(Originally published at "West in New England" 25Apr 2008)
As I've said previously, the Barker family history is an
interesting one, but at the moment I will concern myself with
the three Barker brothers who filed for their pensions. For a
short overview of the rest of it, I recommend Mitch Barker's
page here on his Newry, Maine Website.
In the following transcriptions, preprinted sections of
forms are boldfaced .
The first page of Jonathan Barker's file lists him as having
served in units from Massachusetts and New Hampshire.
His file number is S.37571.
Congress passed an Act on 18 March, 1818 establishing the
Pension Fund for Revolutionary War veterans. A little over a
month later, Jonathan Barker appeared in Judge Albion
Parris' court to file a petition for his:
"I, Jonathan Barker, a resident citizen of the United States of America,
an inhabitant of Newry in the County of Oxford and the State of
Massachusetts, do testify and say, that on the nineteenth day of April
A.D. 1775, I joined the army of said United States on the continental
establishment at Cambridge in said state for the term of eight months
as a private soldier in Capt. John Davis’ company, Col James Frye’s
regiment, who was soon after our Brigadier General in the Massachu-
-setts line, which term of eight months I served at Cambridge aforesaid
and at the expiration thereof I again enlisted into said army for three
months as a private soldier in Capt. John Allen’s company, Col John
Waldron’s regiment, and Gen Sullivan’s brigade in the New Hampshire
line, which term of three months I served at Charlestown in Massachu-
-setts and was then verbally discharged. In June A.D. 1778, I again
enlisted into the same army on the continental establishment, at
Methuen, Mass. and I joined the army at White Plains, N. York, as a
private soldier for the term of nine months in Capt. Samuel Carr’s
company, Col. James Weston’s regiment and Gen Lerned’s brigade
in the Massachusetts line, which term of nine months I fully served,
principally in the state of N. York and at the end thereof I received,
at Stony Point, an honorable discharge, which has since been
burned with my house. I further testify that I am sixty four years of
age,worship a few days, that by reason of my reduced circumstances
in life I stand in need of assistance from my country for support and
that I am not borne on any pension list of the United States.
On the other side of the sheet of paper is the testimony of
a Joseph Jackson:
"I, Joseph Jackson of Newry aforesaid, do testify and say, that I was
in the continental service in the revolutionary war with the above
named Jonathan Barker during his periods of service of eight months
and of nine months above mentioned and to my certain knowledge
saidBarker served these several periods as he has above stated.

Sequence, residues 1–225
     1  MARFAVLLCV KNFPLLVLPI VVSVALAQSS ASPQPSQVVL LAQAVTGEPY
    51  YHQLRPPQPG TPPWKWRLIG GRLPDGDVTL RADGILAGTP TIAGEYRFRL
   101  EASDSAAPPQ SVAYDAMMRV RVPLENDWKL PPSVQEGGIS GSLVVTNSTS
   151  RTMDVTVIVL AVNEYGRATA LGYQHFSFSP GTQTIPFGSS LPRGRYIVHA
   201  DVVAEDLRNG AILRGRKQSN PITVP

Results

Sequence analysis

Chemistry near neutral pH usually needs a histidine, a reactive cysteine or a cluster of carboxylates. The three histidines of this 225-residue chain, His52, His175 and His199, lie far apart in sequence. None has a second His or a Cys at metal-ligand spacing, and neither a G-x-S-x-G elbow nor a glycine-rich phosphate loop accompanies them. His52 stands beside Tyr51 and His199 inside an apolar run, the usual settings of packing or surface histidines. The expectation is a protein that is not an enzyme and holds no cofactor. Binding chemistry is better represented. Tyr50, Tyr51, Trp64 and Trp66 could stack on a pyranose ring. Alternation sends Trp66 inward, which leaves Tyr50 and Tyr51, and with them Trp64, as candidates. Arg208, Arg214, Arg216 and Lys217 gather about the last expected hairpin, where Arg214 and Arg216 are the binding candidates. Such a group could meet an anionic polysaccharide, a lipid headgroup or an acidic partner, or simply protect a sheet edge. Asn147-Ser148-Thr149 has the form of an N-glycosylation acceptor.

Joseph Jackson "
Apparently Judge Parris felt further evidence as to Jonathan's
service was necessary, and he appointed someone to go about
"Maine District , ss.
To James Eames of Newry in the District of Maine, esq.
Whereas, at a special District Court of said United States
for the Maine District holden at Paris in said District,
on the twenty fourth day of April in the year of our Lord one
thousand eight hundred and eighteen Jonathan Barker of
Newry in said District presented an application to the Judge
of said Court, setting forth that he served as a private soldier
in the war of the revolution, on the continental establishment against
the common enemy, and requesting that an enquiry may be instituted
into the circumstances of his case, and that such further proceedings
may be made touching the premises as are prescribed by An Act of
Congress passed March 18th,1818,entitled "An Act to provide
for certain persons engaged in the land and naval service
of the United States in the revolutionary war," in order that
he may be places on the Pension List of said United States:-
and whereas in the course of the examination here had, it
appears that the testimony of sundry persons, who served
with the applicant in the revolutionary army, at present
residing in or near to the towns of Newry or Bethel in the
Districts aforesaid, is necessary and material in support
of said application:-
THEREFORE, to the end that the testimony aforesaid may
be had, and by virtue of the power vested in this Court by the
laws of the United States, you or either of you are hereby
appointed or authorized, at the proper expense of the
applicant, to take depositions of such persons as he may
cause to come before you, touching the application
aforesaid, and in particular as to the time when the
applicant entered the service, the time and manner of his
leaving it, the company, regiment and line to which he
belonged, and whether the service was performed on the
continental establishment or the militia of either of
the States; and such depositions, when taken, and your
certificate of the administration of the usual oath and of
the credibility of the deponents, together with this Dedimus
Potestam, you will certify and return to the Judge of said
Court without unnecessary delay.
GIVEN under my hand and seal at Paris in said District, the
day and yea r first mentioned.
Albion K. Parris
Judge of the United States in and for the District of Maine."
James Eames found a witness to testify who knew Jonathan
Barker very well.
He found Benjamin Barker.